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Attacks/Breaches

4/10/2015
10:30 AM
Daniel Velez
Daniel Velez
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Insider Threats: Focus On The User, Not The Data

Global cybersecurity spending will hit almost $77 billion in 2015, so why are there more high-profile leaks than ever?

People are more connected than ever. Everyone uses email, social media, the web and instant messaging. Some channels are for business purposes, so IT governs and monitors them. Others are for personal use, even if they’re not sanctioned by the organization. A lot of that personal activity is innocent—parents communicating with children at school or making plans for later that day. It consumes some network resources, and most businesses are willing to write that off, but it brings with it the risks associated with the untrained or careless user.

On the other side of the equation are a very small number of people who present a serious insider threat. They intentionally engage in hostile or malicious activities, often working hard to cover their tracks. Their aim is clear: to inflict pain on IT systems and cause damage to the bottom line and reputation of an organization. Financial reports can easily show a price tag for IT systems and the hours it takes employees and consultants to fix them in the wake of an attack. It’s simple dollars and cents. But damage to the reputation of an organization and the toll it takes on customer goodwill is incalculable.

Gartner research shows that 50% of enterprises were using some type of data loss prevention (DLP) solution in 2014. DLP has made great strides and traditional security products are omnipresent. Gartner also forecasts that global cybersecurity spending will reach $76.9 Billion in 2015. It’s clear that organizations are not skimping on security.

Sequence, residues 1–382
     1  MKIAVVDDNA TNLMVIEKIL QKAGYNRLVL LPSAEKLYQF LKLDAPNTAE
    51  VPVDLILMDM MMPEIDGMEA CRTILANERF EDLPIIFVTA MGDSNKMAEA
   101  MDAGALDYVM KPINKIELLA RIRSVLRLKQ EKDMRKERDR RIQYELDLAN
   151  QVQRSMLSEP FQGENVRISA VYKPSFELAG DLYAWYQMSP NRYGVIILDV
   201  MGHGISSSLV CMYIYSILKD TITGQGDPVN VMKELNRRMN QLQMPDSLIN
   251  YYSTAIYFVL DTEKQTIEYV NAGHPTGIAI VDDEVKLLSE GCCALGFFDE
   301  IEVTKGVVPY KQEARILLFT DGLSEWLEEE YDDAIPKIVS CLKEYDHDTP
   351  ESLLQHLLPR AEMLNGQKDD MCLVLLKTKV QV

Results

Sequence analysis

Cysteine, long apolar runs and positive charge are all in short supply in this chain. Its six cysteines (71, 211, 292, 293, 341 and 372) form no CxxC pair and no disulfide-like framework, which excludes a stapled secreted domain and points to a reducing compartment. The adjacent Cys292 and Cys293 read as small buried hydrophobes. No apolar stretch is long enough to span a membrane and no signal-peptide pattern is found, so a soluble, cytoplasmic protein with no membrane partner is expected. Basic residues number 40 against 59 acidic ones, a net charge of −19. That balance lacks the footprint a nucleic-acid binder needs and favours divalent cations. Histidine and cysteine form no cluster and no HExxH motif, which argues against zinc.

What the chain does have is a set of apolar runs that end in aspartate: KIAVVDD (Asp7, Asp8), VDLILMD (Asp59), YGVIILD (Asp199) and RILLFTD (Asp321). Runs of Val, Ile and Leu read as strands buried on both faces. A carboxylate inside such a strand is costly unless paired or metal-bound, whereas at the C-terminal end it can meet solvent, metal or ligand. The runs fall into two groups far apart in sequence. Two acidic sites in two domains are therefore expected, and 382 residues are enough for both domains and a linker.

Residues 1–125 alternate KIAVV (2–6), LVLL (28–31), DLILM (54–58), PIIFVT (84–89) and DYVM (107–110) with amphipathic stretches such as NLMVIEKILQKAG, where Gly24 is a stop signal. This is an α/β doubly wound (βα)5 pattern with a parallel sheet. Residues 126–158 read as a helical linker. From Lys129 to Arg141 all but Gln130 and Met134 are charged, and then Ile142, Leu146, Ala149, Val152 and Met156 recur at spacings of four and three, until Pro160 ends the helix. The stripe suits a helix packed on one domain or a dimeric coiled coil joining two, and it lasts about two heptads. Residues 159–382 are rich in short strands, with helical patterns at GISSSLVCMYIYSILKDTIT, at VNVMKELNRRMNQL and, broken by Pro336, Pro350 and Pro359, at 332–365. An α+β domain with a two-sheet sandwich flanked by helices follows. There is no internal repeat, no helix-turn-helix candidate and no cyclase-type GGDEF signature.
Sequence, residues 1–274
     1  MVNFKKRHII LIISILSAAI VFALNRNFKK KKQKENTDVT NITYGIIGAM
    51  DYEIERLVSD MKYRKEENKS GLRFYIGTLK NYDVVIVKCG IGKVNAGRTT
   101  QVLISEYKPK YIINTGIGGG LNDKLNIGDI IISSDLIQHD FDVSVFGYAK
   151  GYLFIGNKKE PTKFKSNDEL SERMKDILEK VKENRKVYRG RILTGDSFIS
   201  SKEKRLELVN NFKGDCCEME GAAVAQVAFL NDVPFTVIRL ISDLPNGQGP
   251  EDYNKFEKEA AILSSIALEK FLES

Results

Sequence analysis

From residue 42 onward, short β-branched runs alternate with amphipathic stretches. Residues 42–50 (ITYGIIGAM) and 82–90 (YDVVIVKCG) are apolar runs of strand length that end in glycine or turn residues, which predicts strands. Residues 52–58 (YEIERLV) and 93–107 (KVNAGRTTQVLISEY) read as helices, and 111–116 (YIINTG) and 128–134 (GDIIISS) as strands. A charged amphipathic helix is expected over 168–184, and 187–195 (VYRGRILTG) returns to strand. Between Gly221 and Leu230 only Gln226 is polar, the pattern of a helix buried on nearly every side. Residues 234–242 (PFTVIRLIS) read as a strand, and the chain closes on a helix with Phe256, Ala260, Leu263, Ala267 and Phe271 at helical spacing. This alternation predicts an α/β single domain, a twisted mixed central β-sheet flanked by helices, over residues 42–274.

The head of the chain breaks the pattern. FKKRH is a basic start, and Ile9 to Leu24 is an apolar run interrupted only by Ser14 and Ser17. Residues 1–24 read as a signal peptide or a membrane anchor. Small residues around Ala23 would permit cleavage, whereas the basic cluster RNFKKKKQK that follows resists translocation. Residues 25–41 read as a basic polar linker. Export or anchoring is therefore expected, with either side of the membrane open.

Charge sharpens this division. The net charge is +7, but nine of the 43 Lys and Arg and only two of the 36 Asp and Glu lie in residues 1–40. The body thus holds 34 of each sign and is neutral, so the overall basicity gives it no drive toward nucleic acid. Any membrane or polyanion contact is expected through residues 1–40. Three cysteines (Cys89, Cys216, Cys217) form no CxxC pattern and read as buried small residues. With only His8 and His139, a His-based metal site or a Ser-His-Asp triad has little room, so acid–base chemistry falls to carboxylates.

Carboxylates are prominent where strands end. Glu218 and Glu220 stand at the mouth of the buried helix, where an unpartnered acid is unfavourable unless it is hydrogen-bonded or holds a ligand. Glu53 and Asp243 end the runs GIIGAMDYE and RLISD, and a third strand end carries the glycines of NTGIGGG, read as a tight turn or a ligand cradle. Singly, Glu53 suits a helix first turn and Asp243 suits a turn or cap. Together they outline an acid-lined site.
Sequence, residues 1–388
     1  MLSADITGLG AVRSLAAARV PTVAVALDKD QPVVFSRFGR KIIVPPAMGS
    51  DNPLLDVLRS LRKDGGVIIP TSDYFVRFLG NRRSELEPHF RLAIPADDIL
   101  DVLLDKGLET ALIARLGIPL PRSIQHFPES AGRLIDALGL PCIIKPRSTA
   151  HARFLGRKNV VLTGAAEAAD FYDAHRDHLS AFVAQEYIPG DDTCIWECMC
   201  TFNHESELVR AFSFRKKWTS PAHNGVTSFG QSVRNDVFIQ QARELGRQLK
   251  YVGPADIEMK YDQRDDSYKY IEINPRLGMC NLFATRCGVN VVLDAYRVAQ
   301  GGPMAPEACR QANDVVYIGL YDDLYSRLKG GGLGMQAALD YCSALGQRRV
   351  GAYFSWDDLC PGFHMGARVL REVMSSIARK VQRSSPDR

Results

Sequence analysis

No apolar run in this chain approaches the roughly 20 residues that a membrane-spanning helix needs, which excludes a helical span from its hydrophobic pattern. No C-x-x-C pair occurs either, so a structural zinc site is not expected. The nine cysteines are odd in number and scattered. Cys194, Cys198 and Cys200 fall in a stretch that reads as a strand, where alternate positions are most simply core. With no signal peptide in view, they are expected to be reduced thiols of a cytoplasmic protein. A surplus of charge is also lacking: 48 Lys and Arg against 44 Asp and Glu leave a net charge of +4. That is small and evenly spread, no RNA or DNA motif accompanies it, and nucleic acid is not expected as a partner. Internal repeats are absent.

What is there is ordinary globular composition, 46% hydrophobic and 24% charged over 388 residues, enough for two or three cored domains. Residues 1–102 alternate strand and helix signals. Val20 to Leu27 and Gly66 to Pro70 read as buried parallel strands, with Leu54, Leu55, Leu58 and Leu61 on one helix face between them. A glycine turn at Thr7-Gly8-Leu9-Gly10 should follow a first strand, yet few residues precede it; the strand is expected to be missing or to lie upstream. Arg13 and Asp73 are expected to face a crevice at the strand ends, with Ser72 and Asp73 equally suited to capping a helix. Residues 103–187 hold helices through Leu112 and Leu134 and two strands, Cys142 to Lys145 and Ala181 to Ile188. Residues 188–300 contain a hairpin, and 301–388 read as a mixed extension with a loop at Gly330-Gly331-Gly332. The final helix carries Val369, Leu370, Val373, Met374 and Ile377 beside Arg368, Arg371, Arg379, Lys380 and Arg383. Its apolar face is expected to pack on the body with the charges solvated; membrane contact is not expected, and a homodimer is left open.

It’s not about the data
Nonetheless, even with numerous safeguards in place, why are there so many high-profile breaches? The reason is because the solutions most organizations employ focus on the wrong thing—data. Data is obviously important, but organizations struggle to identify all their data, classify its importance, tag it, store it in certain containers, and wrap DLP around it. Even so, IT departments rely on DLP to control the movement of important documents and information exiting the company firewall. Unfortunately, DLP is often too restrictive or inadequate.

For example, with DLP standing in the way of sharing an Excel spreadsheet with the latest sales goals or a Word document with product plans, employees often turn to unauthorized (and even riskier) ways—maybe their own laptop, a thumb drive, personal email or cloud storage. Or, worse than that, some employees throw their hands up in frustration—stopping the flow of business-critical information entirely. DLP’s “stop block and tackle” approach just isn’t very effective, so it can often end up as another piece of expensive shelfware that does little to stop the insider threat.

We all know there are other methods, such as content monitoring and filtering, but they also lack the context necessary to identify, analyze, and react to threatening insider behavior, so they, too, end up back on the shelf with DLP. In the end, organizations will be able to do very little about insider threats if they keep the narrow focus on data. However, there is something very concrete an organization can do if it thinks more broadly and realizes that the insider threat is a user behavior issue.